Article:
“Our long-term goal is to be an impact unicorn, serving a billion people globally. Bahrain, with its strong digital infrastructure, will serve as our base to launch a three-year plan to reach at least 5 million people across the MENA region.”




Maria Lagbes, a Filipino doctor who joined the Women Responders team, leaves the ambulance service headquarters after receiving an emergency call on July 13, 2017, in Dubai. (AFP)

The urge to help a friend can sometimes spark the idea for a new business venture. That was the case with medical device company ProvenMed, whose founders Amine Staali and Souheil Guessoum built an innovative adult urinary incontinence device that is already helping thousands of people across 10 different markets.

Over 200 million people worldwide suffer from the condition. Launched in 2019, ProvenMed’s flagship device, ActviGo, is a reusable and washable system-integrated urinary external catheter for male incontinence management. It eliminates the need for diapers and condom catheters, allowing patients to manage their condition hygienically and discreetly.

The company, based in Abu Dhabi’s HUB71, also produces non-invasive reusable male external catheters, breathable undergarments, leakproof urine collection bags and portable bidets.

ProvenMed launched an online store in 2019 to bypass coronavirus-linked distribution issues, offering worldwide delivery. A winner of August’s Dubai Smartpreneur 5.0 competition, the business now wants to expand into Asia and Europe as well as develop similar incontinence solutions for women, children with bedwetting problems, people with special needs and the military.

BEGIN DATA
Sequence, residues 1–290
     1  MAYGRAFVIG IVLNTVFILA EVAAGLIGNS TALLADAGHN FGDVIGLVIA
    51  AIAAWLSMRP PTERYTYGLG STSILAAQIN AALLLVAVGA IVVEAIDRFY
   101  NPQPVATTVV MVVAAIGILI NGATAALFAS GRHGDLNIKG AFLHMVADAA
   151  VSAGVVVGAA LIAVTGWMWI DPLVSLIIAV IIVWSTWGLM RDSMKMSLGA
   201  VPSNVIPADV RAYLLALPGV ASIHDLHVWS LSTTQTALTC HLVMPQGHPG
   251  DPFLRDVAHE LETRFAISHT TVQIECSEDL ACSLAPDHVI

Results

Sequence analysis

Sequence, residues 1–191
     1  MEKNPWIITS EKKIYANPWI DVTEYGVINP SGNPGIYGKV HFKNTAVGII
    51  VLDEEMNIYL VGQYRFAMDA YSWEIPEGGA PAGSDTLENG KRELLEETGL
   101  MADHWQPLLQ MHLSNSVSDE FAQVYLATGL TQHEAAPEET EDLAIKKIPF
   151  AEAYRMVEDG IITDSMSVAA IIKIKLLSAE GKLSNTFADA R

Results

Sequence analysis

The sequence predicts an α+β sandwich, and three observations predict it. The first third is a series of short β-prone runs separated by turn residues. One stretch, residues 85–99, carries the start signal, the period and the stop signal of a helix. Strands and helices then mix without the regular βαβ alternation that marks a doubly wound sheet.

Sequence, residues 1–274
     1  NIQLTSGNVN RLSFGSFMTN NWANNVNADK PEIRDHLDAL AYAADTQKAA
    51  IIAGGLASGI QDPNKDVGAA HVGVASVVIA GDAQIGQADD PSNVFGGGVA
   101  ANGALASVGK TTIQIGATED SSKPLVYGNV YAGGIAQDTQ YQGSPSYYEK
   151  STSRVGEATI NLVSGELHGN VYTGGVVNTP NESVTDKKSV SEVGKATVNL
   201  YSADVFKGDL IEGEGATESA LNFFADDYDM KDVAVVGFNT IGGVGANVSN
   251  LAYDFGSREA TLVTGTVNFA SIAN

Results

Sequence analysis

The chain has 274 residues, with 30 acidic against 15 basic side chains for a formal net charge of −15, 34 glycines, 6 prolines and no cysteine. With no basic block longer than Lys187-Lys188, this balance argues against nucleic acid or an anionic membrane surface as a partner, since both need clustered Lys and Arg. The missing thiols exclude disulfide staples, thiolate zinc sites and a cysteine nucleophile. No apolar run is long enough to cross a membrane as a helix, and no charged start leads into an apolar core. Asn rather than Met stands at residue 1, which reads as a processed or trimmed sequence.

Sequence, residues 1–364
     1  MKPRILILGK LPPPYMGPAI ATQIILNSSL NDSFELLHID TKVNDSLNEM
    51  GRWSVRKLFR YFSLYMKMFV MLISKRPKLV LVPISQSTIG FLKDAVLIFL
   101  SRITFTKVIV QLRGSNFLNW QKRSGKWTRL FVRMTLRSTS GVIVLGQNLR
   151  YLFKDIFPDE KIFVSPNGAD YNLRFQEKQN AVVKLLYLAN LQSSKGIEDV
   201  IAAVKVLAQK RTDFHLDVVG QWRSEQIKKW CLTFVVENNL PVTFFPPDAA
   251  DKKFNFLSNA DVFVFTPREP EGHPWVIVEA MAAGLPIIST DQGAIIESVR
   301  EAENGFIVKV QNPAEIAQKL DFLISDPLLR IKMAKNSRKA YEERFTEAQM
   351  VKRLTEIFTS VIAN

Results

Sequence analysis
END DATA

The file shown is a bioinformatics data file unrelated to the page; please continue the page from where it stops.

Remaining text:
A doctor examines an inmate's X-ray at the medical center of Dubai's Al-Awir central prison amid the COVID-19 pandemic. (AFP file photo)

One product in development is a smart device that monitors illnesses remotely and shares data with urologists.

Jordan’s Carers is a mobile platform that enables households to find and access vetted in-home nurses, physiotherapists and childcare specialists. In the process, it creates new jobs for certified care-givers.

The app was named best healthcare solution in 2019 December’s UCAN Awards at the Sharjah Entrepreneurship Festival, a $250,000 contest that recognizes regional entrepreneurs who have created high-impact solutions for the post-COVID-19 world.

“Many people faced the same struggle — how do you trust a stranger or ascertain the right quality of care and experience?” founder Raad Al-Kalha said.

Personal experience inspired Al-Kalha to launch the app in Amman in 2018, starting with 35 care-givers and two services.

“We have expanded our offering to include nursing visits, physiotherapy and blood tests and have a network of 300 care-givers who have provided more than 28,000 hours of care, created 5,000 job opportunities, and achieved 300 percent year-on-year growth from 2019-20,” he said.